Fly on the Wall—Convocation as Praxis

Climbing Over Fear, Gathering Data, and Celebrating Success

Fear is a fickle thing to which the famous 4 F’s of the brain’s hypothalamus do scanty justice.  Besides fight, food, fucking, and flight, limbic fear also propels us over mountainous humps we’d have hitherto imagined as insurmountable.  So it was with trepidation that I took the stage along with my graduating cohort at the AU convocation of 2014.  Presently my chair neighbour asked of me a harmless, yet utterly sublime question:  “So what are you going to be when you grow up?” As the saying goes, we’re never more than four feet from a spider and, surely, never more than a thought away from pondering the big arcing narrative that is our lives.  Fear of public events thus melded with a broader fear of the future.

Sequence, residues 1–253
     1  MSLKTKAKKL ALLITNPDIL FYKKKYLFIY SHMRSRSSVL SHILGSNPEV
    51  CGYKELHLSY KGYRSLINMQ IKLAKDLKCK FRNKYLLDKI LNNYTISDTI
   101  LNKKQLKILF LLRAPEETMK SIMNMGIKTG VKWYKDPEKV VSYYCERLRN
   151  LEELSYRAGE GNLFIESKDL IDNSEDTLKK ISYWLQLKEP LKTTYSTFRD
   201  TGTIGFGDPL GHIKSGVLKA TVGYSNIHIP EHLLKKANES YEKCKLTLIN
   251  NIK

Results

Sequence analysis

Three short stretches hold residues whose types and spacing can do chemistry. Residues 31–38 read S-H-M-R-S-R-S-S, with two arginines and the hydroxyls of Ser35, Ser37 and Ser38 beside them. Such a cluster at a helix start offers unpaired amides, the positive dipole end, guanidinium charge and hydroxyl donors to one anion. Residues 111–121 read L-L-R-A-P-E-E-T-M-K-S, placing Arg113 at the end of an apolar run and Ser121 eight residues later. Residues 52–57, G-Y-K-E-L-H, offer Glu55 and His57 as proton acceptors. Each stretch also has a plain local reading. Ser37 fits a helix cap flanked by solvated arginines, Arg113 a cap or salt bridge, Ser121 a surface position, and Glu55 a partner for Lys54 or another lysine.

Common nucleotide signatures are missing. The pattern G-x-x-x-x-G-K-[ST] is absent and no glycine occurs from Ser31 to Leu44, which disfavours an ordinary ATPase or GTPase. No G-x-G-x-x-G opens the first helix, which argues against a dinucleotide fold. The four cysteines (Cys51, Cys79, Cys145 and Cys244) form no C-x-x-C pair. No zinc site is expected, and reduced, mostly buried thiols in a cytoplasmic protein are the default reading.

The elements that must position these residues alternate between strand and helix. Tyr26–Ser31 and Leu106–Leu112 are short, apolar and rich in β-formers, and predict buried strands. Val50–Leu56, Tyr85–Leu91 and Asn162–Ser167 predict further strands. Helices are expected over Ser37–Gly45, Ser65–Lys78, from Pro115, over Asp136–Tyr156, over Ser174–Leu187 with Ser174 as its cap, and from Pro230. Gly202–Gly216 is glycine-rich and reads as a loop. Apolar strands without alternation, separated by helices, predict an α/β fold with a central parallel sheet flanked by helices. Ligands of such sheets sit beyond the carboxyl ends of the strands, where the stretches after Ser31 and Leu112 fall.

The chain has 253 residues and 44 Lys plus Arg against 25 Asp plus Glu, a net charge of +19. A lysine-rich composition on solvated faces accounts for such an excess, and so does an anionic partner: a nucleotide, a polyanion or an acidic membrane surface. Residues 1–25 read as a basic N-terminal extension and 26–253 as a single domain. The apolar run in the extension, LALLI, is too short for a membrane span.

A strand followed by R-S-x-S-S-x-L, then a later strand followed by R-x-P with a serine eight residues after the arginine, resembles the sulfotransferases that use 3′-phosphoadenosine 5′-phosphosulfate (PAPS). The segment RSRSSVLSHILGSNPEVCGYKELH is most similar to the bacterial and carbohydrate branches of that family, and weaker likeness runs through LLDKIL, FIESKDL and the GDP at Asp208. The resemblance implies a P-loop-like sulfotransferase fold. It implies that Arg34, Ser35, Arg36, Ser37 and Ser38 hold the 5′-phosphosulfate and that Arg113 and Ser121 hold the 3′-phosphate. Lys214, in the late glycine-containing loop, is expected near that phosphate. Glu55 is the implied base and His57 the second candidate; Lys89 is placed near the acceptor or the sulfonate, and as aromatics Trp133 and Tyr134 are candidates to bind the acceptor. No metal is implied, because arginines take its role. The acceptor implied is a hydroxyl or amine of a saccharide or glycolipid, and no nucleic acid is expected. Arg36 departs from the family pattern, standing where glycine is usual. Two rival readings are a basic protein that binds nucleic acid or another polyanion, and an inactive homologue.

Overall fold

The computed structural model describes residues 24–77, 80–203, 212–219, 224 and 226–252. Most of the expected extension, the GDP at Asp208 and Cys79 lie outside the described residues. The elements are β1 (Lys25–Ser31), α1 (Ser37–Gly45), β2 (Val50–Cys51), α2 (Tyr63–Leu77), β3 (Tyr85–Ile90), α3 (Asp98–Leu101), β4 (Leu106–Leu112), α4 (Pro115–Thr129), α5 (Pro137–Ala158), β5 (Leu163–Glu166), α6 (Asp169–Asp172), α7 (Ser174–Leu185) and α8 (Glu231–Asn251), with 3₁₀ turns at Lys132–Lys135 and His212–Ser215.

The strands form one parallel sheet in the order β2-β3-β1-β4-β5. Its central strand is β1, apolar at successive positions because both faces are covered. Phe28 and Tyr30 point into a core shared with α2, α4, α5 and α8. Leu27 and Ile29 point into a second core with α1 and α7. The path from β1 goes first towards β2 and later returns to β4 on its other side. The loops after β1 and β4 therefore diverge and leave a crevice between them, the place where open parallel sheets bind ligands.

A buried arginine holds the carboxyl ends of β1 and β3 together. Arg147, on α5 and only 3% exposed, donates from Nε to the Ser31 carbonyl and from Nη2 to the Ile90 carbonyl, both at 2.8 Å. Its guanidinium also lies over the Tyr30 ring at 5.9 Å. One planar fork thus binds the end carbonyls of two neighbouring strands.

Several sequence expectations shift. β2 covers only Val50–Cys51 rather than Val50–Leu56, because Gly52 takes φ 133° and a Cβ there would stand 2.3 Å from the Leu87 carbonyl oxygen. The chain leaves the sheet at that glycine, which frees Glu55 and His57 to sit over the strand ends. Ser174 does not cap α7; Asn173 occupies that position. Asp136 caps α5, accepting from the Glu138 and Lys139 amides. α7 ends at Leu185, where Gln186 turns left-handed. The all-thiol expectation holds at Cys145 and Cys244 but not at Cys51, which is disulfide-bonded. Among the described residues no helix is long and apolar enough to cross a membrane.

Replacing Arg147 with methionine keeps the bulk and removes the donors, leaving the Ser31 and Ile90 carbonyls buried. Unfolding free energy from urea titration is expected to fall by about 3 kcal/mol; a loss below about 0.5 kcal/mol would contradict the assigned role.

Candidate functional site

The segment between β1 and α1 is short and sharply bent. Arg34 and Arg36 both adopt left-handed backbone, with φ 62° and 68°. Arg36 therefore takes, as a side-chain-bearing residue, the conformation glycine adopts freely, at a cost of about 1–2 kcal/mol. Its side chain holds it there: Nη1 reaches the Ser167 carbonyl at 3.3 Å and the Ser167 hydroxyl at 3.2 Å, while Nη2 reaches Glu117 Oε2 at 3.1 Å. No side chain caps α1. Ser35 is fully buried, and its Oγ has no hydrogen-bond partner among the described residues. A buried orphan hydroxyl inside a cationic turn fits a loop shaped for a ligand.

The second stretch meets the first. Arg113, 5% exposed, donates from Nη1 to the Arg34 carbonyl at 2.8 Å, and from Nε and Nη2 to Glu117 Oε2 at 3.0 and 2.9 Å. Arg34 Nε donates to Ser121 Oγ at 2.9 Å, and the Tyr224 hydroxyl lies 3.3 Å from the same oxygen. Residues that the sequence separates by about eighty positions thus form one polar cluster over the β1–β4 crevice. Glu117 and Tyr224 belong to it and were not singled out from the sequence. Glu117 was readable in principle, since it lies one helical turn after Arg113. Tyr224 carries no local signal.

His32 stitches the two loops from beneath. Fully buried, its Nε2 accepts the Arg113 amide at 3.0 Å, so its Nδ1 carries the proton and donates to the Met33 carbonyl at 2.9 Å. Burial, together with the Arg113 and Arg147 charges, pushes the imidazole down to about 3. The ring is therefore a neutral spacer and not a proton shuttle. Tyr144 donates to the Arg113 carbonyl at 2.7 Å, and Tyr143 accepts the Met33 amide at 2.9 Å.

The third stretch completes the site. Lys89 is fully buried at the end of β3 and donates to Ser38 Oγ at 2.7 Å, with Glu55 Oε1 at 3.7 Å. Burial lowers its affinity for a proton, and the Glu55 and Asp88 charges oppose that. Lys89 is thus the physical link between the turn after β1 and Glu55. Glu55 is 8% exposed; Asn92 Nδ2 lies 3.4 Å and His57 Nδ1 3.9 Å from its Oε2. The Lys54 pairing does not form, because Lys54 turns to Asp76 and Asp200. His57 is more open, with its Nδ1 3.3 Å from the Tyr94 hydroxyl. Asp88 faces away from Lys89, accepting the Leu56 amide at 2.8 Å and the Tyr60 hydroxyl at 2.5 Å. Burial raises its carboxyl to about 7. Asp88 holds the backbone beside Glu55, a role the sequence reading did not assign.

What indeed to be, and who!  We both laughed; moments like these come around rarely in life.  Weddings, funerals, passport photos, graduations, mug shots perhaps; times when time itself stands still as recorded by technology and our minds.  These are times when we are wont to ask ourselves what we are fighting and loving for as the years slide by, and to which peaks and goals do we turn our faces as we overcome social anxiety in a big public place.  Small moments matter the most sometimes, and the big events, like convocation, provide wonderful social refraction of the mirror-lens that illuminates the greater picture that is our life.

Narrative Analysis: To Ask A Question is to Draw Forth the Lifeblood of Our Life’s Truths